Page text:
Estonian lawmakers re-elected President Toomas Ilves for a second five-year term, strengthening political stability in the Baltic nation.
Ilves was backed by 73 lawmakers in the 101-seat legislature, the Riigikogu, in Tallinn today, reaching the required two-thirds majority. He is the first candidate since Estonia regained independence in 1991 to be elected in the first round of voting.
“It was a historic decision as you have for the first time used your privilege to elect the president in parliament as stipulated in the constitution,” Ilves told lawmakers after the vote. “This shows Estonia’s maturity, it’s coming of age.”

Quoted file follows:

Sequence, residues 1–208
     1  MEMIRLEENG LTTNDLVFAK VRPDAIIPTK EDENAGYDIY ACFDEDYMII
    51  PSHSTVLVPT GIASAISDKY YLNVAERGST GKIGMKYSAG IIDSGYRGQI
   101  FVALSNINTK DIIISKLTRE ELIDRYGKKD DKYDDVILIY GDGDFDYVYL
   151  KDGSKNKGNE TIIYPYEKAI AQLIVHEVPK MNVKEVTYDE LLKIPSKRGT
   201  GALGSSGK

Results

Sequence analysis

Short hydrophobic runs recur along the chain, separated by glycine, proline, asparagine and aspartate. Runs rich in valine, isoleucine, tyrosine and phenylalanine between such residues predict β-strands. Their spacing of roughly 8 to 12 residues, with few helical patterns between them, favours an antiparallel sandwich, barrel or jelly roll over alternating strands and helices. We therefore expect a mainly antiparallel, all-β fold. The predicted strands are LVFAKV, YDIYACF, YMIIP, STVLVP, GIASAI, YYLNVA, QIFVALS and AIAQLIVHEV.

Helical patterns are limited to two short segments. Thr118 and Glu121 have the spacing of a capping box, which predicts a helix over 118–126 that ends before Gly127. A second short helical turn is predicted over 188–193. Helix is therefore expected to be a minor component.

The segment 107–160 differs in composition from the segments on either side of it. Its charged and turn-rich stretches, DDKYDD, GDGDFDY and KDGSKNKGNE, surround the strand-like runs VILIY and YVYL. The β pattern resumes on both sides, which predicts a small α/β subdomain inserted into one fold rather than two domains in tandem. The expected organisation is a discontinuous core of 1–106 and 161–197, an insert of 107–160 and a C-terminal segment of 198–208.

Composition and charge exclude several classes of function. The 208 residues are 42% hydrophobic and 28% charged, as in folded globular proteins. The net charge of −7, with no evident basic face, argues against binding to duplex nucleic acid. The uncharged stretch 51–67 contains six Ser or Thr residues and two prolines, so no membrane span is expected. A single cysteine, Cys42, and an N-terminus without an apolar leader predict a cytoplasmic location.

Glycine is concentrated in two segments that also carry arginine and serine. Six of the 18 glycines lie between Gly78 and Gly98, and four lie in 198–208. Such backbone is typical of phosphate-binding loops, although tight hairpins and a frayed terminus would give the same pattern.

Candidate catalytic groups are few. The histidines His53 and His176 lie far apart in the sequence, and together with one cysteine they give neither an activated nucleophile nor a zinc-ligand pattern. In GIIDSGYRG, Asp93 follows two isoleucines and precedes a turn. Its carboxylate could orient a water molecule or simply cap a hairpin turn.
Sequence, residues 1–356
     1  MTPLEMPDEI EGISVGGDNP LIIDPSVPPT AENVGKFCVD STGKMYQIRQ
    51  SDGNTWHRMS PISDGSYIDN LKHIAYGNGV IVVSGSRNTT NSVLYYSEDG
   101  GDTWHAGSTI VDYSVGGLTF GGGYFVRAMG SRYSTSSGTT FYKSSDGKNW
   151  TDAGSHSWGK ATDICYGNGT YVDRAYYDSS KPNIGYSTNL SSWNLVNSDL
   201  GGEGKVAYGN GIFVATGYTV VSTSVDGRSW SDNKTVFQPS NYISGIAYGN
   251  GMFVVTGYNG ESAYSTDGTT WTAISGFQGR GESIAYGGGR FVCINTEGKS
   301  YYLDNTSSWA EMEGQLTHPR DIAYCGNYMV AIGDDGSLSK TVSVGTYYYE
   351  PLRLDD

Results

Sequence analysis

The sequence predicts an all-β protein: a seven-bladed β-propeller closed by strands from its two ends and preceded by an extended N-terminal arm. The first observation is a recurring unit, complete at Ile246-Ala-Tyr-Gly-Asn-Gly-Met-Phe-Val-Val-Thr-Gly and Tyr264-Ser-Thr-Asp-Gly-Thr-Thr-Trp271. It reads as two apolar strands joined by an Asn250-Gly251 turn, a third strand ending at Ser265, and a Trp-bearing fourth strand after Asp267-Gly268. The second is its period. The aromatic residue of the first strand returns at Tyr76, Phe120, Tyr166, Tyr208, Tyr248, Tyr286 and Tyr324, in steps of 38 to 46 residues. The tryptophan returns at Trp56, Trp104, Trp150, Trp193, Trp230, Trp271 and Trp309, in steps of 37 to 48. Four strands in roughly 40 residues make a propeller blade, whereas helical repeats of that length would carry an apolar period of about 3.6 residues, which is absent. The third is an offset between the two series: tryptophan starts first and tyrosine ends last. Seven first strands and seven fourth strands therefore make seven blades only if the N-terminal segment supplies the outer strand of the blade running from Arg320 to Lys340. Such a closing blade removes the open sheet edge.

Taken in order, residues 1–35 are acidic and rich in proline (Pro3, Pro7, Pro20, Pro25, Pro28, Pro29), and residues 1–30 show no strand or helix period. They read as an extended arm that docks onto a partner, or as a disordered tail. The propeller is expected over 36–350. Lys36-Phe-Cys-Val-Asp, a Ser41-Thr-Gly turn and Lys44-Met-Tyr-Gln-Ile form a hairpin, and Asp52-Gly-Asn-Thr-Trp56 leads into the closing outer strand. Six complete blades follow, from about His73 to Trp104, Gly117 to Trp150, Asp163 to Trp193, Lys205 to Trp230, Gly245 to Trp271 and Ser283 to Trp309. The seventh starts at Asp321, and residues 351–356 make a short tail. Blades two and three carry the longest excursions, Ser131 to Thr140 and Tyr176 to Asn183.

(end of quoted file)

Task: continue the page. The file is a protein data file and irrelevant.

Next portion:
Ilves, 57, who was born in Stockholm, in 2006 became Estonia’s third elected president since the end of Soviet rule. Educated at Columbia University, he ran the Estonian desk of Radio Free Europe during communism and later served twice as foreign minister.
The opposition Social Democrats last week joined the governing coalition of the Reform Party and Isamaa ja Res Publica Liit in backing Ilves. The opposition Center Party put forward Indrek Tarand, a member of the European Parliament, as its candidate.
Political stability in the Baltic nation of 1.3 million, which this year became the first former Soviet republic to adopt the euro, increased after March general elections returned the ruling coalition of Prime Minister Andrus Ansip to power, Ilves said last week.
The country, with the fastest-growing economy in the European Union in the first half of the year, should now focus on improving the quality of life of citizens and the functioning of the state, mainly through infrastructure investment, he said then.